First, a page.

The new law also requires the state Department of Environmental Conservation to study the environmental impact of cryptocurrency mining. Part of that study will include the number and location of existing cryptocurrency mining operations that use proof-of-work authentication methods to validate blockchain transactions in the state; the total number was not provided in documentation around the law.
Mining cryptocurrency is energy-intensive by design. The famous anonymous 2008 paper that led to the creation of the cryptocurrency Bitcoin outlined the now-outlawed “proof of work” concept that uses so much energy. Bitcoin miners use brute computer force to try to solve difficult algorithms; the work, in essence, creates the value of the currency. Some companies have worked to reduce their use of carbon-based fuel by employing alternative sources, like hydropower, while maintaining the core trust that mining instills in a coin. This is in direct contrast with a token like FTX’s FTT, which was created by the now-bankrupt exchange as a way to reward users but whose value was not transparent.
The law is not the first piece of regulation that the cryptocurrency industry considers hostile to its growth.
In 2015, the Department of Finance created a regulatory framework called BitLicense which requires companies who receive, transmit, store, control, buy, sell, exchange or administer virtual currencies to hold a state-issued license or a charter under the New York Banking Law.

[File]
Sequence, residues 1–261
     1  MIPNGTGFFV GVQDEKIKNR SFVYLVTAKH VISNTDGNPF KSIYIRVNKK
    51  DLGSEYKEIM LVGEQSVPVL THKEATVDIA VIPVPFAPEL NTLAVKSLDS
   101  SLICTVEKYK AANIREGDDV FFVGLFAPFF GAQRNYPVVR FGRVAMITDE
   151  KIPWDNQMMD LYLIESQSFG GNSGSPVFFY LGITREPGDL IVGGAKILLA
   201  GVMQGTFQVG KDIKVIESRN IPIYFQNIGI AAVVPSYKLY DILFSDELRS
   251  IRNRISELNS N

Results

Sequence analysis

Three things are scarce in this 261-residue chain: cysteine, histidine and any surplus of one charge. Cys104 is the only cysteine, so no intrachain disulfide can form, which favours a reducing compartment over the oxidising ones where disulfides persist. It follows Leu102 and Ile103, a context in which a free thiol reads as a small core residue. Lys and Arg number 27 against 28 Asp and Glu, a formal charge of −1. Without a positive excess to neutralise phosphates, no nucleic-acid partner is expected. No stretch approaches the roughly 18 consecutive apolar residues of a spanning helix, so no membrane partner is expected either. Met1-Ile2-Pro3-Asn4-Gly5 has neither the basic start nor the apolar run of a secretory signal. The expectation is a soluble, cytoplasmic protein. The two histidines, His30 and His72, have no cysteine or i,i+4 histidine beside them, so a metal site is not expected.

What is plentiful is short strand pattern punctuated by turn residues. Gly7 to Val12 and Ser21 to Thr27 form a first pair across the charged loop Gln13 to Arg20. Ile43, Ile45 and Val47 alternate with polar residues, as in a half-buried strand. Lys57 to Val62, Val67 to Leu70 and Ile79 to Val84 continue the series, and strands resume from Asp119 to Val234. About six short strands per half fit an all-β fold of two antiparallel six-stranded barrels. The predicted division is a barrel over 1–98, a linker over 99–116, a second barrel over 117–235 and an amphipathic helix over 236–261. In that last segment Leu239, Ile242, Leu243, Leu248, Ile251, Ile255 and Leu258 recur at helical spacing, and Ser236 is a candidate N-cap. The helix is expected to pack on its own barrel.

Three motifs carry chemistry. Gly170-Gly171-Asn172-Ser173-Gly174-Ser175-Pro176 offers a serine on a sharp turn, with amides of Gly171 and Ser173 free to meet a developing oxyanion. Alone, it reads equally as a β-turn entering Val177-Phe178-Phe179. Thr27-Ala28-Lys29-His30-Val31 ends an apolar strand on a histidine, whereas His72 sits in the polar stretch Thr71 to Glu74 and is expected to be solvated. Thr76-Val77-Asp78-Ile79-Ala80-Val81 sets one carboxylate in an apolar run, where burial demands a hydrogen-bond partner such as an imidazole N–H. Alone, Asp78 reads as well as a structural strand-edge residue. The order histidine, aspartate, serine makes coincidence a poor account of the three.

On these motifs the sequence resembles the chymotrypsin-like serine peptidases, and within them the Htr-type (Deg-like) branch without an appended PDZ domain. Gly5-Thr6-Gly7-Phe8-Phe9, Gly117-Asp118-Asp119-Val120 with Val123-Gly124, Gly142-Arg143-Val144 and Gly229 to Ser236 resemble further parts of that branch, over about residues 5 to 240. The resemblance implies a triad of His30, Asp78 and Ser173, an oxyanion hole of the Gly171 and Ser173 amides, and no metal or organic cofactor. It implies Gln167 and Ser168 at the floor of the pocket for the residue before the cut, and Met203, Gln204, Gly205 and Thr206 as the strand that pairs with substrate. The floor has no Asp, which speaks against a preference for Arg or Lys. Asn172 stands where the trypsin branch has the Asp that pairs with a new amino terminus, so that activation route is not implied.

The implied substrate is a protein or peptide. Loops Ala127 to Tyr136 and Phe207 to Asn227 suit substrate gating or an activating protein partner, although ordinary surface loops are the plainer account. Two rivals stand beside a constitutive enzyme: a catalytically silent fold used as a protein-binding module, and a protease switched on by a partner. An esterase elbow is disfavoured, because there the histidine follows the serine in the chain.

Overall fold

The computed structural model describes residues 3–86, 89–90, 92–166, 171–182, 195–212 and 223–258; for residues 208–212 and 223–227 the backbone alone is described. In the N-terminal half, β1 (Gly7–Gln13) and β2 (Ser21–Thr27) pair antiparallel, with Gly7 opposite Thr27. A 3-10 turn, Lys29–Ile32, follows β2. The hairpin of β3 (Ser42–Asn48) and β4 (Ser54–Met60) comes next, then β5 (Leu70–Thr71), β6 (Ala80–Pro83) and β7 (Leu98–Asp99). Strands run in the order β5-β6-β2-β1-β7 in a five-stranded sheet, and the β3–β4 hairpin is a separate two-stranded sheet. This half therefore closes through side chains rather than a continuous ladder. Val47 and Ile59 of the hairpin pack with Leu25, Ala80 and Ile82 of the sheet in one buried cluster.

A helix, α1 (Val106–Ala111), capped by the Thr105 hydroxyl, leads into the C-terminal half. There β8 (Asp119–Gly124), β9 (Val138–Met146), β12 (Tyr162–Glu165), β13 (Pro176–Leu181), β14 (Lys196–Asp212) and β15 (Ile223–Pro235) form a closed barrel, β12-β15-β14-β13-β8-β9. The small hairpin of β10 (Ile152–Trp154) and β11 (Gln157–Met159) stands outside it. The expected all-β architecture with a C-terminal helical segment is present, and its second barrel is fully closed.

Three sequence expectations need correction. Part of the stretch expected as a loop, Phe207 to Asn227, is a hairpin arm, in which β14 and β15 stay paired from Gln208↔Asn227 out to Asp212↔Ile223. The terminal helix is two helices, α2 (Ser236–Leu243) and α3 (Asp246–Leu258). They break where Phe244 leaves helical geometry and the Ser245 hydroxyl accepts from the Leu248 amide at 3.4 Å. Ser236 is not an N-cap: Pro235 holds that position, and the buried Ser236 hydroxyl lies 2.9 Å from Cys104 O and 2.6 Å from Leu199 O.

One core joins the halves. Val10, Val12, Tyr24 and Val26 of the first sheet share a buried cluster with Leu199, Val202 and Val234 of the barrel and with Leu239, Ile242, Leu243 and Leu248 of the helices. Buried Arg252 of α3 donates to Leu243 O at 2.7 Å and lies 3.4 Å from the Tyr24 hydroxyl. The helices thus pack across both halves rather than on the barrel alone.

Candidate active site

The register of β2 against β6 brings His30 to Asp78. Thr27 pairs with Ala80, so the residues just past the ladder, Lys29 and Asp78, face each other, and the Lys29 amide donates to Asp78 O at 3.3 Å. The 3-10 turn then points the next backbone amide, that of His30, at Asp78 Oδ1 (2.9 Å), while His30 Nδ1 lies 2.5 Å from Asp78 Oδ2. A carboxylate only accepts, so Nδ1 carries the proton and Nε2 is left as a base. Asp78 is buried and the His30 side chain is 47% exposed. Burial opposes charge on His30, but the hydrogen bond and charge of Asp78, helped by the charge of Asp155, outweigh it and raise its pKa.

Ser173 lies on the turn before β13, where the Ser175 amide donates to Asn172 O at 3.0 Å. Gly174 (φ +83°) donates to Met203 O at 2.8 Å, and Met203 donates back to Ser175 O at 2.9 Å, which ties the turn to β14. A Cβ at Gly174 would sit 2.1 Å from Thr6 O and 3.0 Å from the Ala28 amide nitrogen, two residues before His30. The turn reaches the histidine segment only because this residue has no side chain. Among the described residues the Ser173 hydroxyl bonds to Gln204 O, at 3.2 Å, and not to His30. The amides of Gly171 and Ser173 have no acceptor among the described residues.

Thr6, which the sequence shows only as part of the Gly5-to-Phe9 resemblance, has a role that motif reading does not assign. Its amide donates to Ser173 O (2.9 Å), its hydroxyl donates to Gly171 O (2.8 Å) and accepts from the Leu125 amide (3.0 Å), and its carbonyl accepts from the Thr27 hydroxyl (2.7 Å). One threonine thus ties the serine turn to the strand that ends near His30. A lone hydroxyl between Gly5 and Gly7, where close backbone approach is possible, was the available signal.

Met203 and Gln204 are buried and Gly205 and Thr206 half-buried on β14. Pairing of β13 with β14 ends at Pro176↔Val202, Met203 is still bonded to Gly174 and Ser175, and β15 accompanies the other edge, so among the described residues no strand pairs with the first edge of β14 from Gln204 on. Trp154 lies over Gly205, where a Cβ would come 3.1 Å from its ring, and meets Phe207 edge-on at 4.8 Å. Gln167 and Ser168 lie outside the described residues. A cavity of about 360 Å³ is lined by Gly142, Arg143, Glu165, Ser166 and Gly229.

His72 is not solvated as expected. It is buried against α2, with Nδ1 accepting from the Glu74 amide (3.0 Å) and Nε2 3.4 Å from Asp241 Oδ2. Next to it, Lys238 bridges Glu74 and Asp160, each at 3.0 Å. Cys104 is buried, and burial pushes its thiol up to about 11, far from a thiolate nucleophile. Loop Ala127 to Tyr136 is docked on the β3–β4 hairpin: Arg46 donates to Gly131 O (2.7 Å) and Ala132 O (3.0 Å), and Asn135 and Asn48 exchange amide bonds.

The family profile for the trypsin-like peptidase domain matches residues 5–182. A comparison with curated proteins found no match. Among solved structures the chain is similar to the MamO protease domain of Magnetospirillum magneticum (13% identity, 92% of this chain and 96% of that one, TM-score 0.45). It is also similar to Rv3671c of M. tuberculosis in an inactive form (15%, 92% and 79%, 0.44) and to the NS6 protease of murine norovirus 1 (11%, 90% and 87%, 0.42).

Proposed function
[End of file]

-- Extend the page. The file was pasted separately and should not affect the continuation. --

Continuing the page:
“All the companies got chased out because of the BitLicense,” said Nick Spanos, who co-founded a decentralized exchange called the Bitcoin Center NYC in 2013 and now works as an advocate for decentralization in cryptocurrency.
As a result, although the number of companies in the crypto industry tripled in the five years between 2016 and 2021, most of the New York firms in the sector operate at least one level away from the direct creation of new cryptocurrency coins. Instead, many build software that operates on top of the blockchain, for example, which does not require a BitLicense. As of July, only 31 state companies hold BitLicenses, including Coinbase, Genesis Global Trading and Robinhood Crypto.
Mining does not require a BitLicense.
In New York City earlier the same day that Gov. Hochul signed the moratorium, Mayor Eric Adam–who has praised cryptocurrency and even took his first two paychecks in office in bitcoin and ether–said he still believed in the future of crypto.
“This is an industry that we must embrace,” he told reporters at a press conference.
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